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USP 193: San Diego Community Research: Social Explorer

Searching for Census data

The Census Bureau's offers free access to some data, but it's important to know that the data available there includes nothing for years prior to 2000.

Social Explorer is a subscription database that the library pays for. It offers access to more comprehensive Census data, including data back to 1790. This database is also (in my opinion) much easier to use than, so I recommend that you start with Social Explorer to find Census/demographic data.

Social Explorer

Important information about the Social Explorer database:

As of January 2023, I'm having trouble with some database features when using the Chrome browser. Firefox seems to be working as expected.

You can use Social Explorer to run reports on geographic areas as small as Census block groups.  Social Explorer can also help you identify Census tracts back to 1950.

To access the database from off-campus, you will need to have your computer configured to use the UCSD VPN. If you need help with that, please refer to the remote access instructions. Note that you MUST select 2-Step Secured - Allthruucsd from the "Group" drop-down menu when authenticating. If you're correctly connected via the VPN, you should see the UC San Diego notation below in the banner on Social Explorer's home page.


To identify tracts:

1. Click on “Explore” under the United States map.

2. Drill down to the area of interest. You can use the top "search address" box, double click on an area, or use the zoom + to drill down to your area. (Click and drag map to re-center.)  As you zoom in, you’ll eventually see details like street names. As you mouse over an area, you'll see popups that identify the Census tract numbers. Use Google maps or print maps as necessary to help identify streets, if necessary.

3. To see map for a different year, click the "Change Data" button on the top left. If the "change data" option isn't visible, click the button as shown below. Slide the blue scale to the desired year and select desired variable. Repeat step 2 above.


To get data:

(And again, remember that tract-level data is not available for ACS 1-year or 3-year estimates.)

There are two ways to get Census data after you've identified the census tracts. 

First option: while you're still on the map showing the tracts of interest > 

  • in the "change data" box, click the icon with three horizontal lines and select "create a report"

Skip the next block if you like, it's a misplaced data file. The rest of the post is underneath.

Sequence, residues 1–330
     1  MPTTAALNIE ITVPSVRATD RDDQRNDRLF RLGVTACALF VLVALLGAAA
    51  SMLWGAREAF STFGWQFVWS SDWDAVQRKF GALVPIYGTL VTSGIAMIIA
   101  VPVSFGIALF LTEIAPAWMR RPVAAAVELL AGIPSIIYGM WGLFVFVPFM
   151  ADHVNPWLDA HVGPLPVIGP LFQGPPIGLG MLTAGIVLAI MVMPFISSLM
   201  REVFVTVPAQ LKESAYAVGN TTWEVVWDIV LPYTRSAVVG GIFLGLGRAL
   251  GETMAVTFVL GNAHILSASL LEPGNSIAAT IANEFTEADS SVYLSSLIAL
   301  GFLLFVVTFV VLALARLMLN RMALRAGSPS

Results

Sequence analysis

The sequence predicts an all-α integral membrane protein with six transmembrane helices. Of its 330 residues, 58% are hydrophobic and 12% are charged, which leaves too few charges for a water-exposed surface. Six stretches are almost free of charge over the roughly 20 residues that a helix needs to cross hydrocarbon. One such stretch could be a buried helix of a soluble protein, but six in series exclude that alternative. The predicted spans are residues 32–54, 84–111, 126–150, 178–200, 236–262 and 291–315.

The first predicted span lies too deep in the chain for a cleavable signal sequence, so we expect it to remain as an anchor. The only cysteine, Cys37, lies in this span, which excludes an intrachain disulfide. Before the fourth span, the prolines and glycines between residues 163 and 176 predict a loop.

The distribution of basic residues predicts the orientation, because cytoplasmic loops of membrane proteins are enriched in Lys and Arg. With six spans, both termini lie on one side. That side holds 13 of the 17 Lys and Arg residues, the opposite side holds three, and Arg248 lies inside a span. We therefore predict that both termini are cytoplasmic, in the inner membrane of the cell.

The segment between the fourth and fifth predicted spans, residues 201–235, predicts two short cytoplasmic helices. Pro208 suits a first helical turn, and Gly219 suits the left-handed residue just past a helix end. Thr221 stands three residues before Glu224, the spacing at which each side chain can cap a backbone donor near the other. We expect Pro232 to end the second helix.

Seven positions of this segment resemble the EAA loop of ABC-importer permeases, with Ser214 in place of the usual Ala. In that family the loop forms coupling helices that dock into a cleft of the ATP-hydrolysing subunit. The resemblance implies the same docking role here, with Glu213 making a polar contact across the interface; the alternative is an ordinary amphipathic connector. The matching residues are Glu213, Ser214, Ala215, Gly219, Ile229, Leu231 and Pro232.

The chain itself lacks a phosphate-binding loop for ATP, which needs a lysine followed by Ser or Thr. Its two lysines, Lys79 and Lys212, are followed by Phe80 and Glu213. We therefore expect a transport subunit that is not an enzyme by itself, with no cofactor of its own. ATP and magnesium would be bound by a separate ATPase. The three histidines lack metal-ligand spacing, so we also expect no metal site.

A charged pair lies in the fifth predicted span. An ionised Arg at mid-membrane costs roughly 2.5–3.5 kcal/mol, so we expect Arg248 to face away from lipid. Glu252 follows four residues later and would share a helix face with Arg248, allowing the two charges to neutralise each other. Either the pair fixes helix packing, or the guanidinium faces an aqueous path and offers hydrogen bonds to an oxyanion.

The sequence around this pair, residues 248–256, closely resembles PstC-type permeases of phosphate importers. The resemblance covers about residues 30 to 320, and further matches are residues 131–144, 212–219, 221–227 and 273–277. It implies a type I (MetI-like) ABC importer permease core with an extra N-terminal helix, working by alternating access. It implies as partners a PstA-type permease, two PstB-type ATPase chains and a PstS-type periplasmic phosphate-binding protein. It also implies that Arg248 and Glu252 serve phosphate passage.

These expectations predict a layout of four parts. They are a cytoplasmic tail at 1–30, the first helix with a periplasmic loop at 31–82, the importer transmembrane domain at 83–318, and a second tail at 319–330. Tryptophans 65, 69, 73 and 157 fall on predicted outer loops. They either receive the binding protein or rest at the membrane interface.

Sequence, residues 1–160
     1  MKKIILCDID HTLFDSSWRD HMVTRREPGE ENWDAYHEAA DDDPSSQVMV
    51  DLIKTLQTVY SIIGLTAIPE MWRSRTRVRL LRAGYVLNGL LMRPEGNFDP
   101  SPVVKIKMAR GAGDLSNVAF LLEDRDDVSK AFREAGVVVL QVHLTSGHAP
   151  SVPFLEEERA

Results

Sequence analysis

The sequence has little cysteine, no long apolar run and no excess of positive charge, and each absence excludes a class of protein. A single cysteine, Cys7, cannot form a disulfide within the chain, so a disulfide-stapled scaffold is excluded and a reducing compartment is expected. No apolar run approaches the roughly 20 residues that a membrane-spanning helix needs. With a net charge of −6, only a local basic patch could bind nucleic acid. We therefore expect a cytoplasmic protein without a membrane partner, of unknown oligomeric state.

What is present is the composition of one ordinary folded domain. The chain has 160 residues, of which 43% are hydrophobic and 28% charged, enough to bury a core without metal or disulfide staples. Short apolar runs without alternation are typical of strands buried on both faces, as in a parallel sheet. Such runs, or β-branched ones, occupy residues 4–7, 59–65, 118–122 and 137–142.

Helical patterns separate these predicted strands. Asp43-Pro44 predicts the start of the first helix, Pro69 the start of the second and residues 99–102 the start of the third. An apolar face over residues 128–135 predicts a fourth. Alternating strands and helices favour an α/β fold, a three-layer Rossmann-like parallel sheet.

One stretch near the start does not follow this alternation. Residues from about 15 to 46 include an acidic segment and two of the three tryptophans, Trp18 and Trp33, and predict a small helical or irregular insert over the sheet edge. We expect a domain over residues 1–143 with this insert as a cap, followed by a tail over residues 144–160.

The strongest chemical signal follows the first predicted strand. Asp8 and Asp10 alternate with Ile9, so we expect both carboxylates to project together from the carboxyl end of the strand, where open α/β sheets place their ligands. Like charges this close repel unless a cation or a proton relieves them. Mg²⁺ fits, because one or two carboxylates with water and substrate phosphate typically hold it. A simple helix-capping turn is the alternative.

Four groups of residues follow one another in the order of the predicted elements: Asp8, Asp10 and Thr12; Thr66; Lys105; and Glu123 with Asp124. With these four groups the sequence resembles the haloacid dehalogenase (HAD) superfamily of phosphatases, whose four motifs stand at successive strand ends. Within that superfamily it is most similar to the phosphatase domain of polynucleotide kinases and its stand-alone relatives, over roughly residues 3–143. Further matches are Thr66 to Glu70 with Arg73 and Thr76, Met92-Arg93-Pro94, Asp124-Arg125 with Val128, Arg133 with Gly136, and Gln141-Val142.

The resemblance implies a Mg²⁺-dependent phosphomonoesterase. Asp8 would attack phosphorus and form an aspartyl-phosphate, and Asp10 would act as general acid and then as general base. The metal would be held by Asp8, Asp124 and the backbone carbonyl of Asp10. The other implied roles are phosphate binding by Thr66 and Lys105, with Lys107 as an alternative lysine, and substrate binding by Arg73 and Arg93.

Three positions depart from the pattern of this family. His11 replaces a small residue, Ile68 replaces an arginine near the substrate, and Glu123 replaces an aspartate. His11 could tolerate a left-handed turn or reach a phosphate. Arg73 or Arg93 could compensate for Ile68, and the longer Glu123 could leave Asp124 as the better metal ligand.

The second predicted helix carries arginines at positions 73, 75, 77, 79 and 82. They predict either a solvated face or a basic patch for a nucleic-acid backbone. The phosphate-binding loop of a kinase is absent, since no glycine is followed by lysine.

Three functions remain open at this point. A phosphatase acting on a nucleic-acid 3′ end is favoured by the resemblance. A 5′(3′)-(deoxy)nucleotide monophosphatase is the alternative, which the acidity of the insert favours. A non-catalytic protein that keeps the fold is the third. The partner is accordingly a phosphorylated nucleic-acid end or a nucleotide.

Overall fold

• use the "source" and "topic" dropdowns to select your data source (i.e., ACS or decennial year) and topic ("comprehensive" will probably give you most of what you need)
  • choose your geography level (e.g. census tracts) and zoom in on the map and click to highlight the areas you want data for
  • click the "create" button, and you will get demographic data on a new page

Second option, which I find much easier: after you have identified the tract numbers, you could elect to quit the mapping application >

  • go back to the home page, click "Tables" at the top
  • select the decennial year or ACS year that you want to work with, then click "begin report"
  • use the drop-down menus to select "census tract/California/San Diego County" and ctrl/click to highlight the tracts you want
  • click "Add" and "Proceed to Tables" 
  • on the next page, ctrl/click to highlight the desired data sets; click "Add" and "Show results" OR click the "Premade Reports" tab and select desired report(s), such as "comprehensive"
  • note that you can also use the "search by keyword" option to search for age, housing, transportation, and other variables
  • note also that there are probably different tables available depending on which data set you're viewing; SE defaults to "Social Explorer tables," which are the most "popular" tables. If you don't see the variable you're looking for, try choosing a different data set with the drop-down menu for a more comprehensive list of tables. Summary File 1 & 2 data sets represent the short form questions (age, race, etc.), while Summary File 3 & 4 data sets represent the long form questions (education, income, etc.)
  • after getting your data, use the Excel or data download tab to save your results.

Reminder: the Census Bureau's decennial Index of Questions and ACS questionnaires can be extremely helpful in figuring out what questions were asked for each census and therefore what data might be available.